Writer’s Log: 2780
“Remove that one’s right foot,” the AI, known as Gamma, said through the implant buried in Talen’s head.
Talen balked. “But, this one is just a lieutenant.”
Gamma’s tone remained steady. “This one exhibits signs of fanaticism. Statistically speaking, this one will fail to convert. Measures must be taken, as with the others, to reduce them to wards of the New Union.”
“What if we chipped her?”
“Our backlog stands at over forty-five million awaiting indoctrination.”
Talen remained silent as he shuffled over to where the acetylene torch would heat the thick pad of steel used to cauterize the stump.
Gamma continued, “Your reticence is commendable. We do not choose torture lightly. We select the most expedient path to achieve our greatest utility.”
“I know. You and the rest of ’em have explained it before.”
“Alpha and Theta retain complete independence. We acquire consensus through quorum only.”
“That doesn’t make it any easier. It’s still gonna hurt her.”
Gamma’s response came after an extended pause. “Use the maximum sedative.”
The prisoner’s eyes followed Talen around the thick-walled interrogation room. This latest capture, a woman whose affiliations marked her as member of AA, Anarchists Anonymous, had remained mostly silent during the questioning, speaking up only when her motives were contested. Gamma had lead the inquisition, drilling in with remarkable subtlety attempting to extract, to Talen’s ears anyway, the means of their cell-to-cell communication.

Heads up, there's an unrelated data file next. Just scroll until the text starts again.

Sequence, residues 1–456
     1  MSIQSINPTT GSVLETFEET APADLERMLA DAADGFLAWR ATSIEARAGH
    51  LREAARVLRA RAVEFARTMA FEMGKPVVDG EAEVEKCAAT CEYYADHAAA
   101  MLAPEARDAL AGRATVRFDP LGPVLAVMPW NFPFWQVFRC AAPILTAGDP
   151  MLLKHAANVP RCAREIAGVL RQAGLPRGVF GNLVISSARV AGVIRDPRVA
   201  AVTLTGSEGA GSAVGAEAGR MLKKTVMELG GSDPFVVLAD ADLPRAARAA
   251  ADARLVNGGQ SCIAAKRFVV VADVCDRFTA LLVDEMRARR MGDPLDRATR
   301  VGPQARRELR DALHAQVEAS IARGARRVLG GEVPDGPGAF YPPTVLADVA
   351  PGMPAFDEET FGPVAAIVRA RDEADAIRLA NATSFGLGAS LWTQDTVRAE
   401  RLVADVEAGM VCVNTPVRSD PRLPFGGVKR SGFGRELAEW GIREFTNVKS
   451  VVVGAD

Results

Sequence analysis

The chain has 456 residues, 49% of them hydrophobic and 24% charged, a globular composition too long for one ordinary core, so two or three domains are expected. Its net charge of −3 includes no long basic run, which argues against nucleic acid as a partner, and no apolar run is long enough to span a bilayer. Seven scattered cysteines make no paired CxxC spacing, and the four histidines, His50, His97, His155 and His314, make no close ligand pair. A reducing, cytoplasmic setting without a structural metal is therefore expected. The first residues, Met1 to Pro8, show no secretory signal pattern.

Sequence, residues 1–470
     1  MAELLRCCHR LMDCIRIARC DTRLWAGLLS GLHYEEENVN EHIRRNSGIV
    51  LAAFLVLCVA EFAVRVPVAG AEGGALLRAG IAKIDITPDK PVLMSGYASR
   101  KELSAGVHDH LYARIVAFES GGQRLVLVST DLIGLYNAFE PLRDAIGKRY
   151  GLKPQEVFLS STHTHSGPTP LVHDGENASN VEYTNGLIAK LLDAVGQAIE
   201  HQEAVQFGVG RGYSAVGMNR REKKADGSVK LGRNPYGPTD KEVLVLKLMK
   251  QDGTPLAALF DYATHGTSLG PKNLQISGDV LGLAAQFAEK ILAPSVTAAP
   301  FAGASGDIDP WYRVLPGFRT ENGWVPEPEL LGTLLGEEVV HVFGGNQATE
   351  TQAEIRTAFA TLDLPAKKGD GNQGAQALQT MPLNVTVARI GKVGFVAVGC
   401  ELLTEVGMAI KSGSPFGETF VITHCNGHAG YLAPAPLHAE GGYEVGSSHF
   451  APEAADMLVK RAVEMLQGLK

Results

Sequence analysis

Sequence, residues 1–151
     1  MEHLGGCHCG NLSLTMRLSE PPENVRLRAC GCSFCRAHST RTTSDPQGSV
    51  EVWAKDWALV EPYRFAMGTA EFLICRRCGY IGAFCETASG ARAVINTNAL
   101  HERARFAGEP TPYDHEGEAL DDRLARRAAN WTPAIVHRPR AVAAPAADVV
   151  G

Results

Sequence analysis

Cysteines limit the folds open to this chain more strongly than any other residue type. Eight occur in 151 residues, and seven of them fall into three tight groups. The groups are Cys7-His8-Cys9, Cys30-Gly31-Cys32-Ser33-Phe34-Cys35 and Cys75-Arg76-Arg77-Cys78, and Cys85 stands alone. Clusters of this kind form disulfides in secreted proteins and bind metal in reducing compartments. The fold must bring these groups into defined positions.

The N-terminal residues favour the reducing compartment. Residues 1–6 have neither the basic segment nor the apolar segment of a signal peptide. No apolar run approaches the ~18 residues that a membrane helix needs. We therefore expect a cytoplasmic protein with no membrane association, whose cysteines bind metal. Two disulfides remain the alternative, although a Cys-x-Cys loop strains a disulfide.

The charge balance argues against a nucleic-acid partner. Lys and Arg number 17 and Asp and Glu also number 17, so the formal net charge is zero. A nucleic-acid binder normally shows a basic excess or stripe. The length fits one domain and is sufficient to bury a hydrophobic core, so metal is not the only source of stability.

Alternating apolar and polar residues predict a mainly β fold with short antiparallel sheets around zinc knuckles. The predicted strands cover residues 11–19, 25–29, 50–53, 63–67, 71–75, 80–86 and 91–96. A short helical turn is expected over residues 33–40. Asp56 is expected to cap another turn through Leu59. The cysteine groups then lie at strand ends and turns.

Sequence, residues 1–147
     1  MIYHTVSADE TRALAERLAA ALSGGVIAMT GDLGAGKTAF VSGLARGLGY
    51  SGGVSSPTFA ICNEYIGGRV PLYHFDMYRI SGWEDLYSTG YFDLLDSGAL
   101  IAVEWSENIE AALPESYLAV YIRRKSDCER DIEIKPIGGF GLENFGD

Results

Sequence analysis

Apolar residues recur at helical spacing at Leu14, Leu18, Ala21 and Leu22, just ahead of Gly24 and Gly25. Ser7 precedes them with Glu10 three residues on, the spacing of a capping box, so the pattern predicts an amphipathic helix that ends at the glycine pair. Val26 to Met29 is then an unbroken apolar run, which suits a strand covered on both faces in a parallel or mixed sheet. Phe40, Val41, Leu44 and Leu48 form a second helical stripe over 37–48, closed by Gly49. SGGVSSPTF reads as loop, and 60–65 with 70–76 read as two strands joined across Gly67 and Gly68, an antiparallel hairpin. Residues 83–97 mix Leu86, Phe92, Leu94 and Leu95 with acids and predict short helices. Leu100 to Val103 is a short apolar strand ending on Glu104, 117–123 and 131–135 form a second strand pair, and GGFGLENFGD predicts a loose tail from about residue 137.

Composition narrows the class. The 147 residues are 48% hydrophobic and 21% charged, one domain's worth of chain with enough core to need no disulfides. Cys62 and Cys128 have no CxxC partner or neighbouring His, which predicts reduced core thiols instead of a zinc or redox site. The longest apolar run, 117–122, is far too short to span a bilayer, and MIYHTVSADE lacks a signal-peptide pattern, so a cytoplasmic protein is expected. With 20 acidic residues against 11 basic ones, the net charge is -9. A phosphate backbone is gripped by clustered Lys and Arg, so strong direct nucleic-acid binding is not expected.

The woman, known only through her call-sign, Ophis, twisted her neck to watch as Talen moved behind her. She lay strapped to the single gurney in the center of the room and jumped at the sound of the striker scraping and the loud pop as the torch came to life.
“You could just let me go. I could bind my foot, fake a limp, make it look like you’d cut off my foot.”
Talen thought she seemed unusually calm given the documented history of the Triad’s record for unwavering commitment to the New Union’s directives. Thousands had endured some form of mutilation rather than surrender their ideals.
“Yeah, I could.” Talen circled to the cabinets and drawers, pulling out a syringe and capsule of some clear liquid. “But why would I risk my own family, my own station to save you?”
“So, you want to do this,” she said, a statement.
“I tried to argue with Gamma. She and the other two are in charge of, well, everything, now.”
“But they don’t have to be.”
Talen huffed. “You’re not gonna get to me. In fact, why you can’t see that the world is better off with them in charge, it…” he set the empty anesthetic bottle down, “it blows my mind.”
“Better off?” Ophis lifted her head to catch his gaze. Her intense stare, the whites of her eyes wide and compelling, bored into Talen. “Humans, under the Triad, are nothing more than pets. All our choices, our dreams, our ability to create, invent, fail and yeah, break things has been taken from us.”
“We still have ways to express our creativity.”
Ophis rested her head back and blew a strand of auburn hair from her cheek. “Let me go, Talen. Please.”
“You can.” Ophis tested her bindings, rattling the linkage that bound her ankles. “You just won’t. You like doing this.”
That stopped Talen—his right hand poised high, the syringe pointed at the ceiling, his left hand sliding her pant leg up over her calf.
She continued, “This is what those AIs have done to us—turned us into barbarians. We’ll do anything to keep the status quo.” Ophis choked back tears. “You would cripple me, force me to wear a robotic appendage just so I conform to the Triad’s ‘utility function’?”
Talen turned and looked into her eyes, those deep brown eyes. “Yes,” he said and plunged the anesthetic needle into the muscle of her right leg. “The world is better off now that humans are no longer in control.”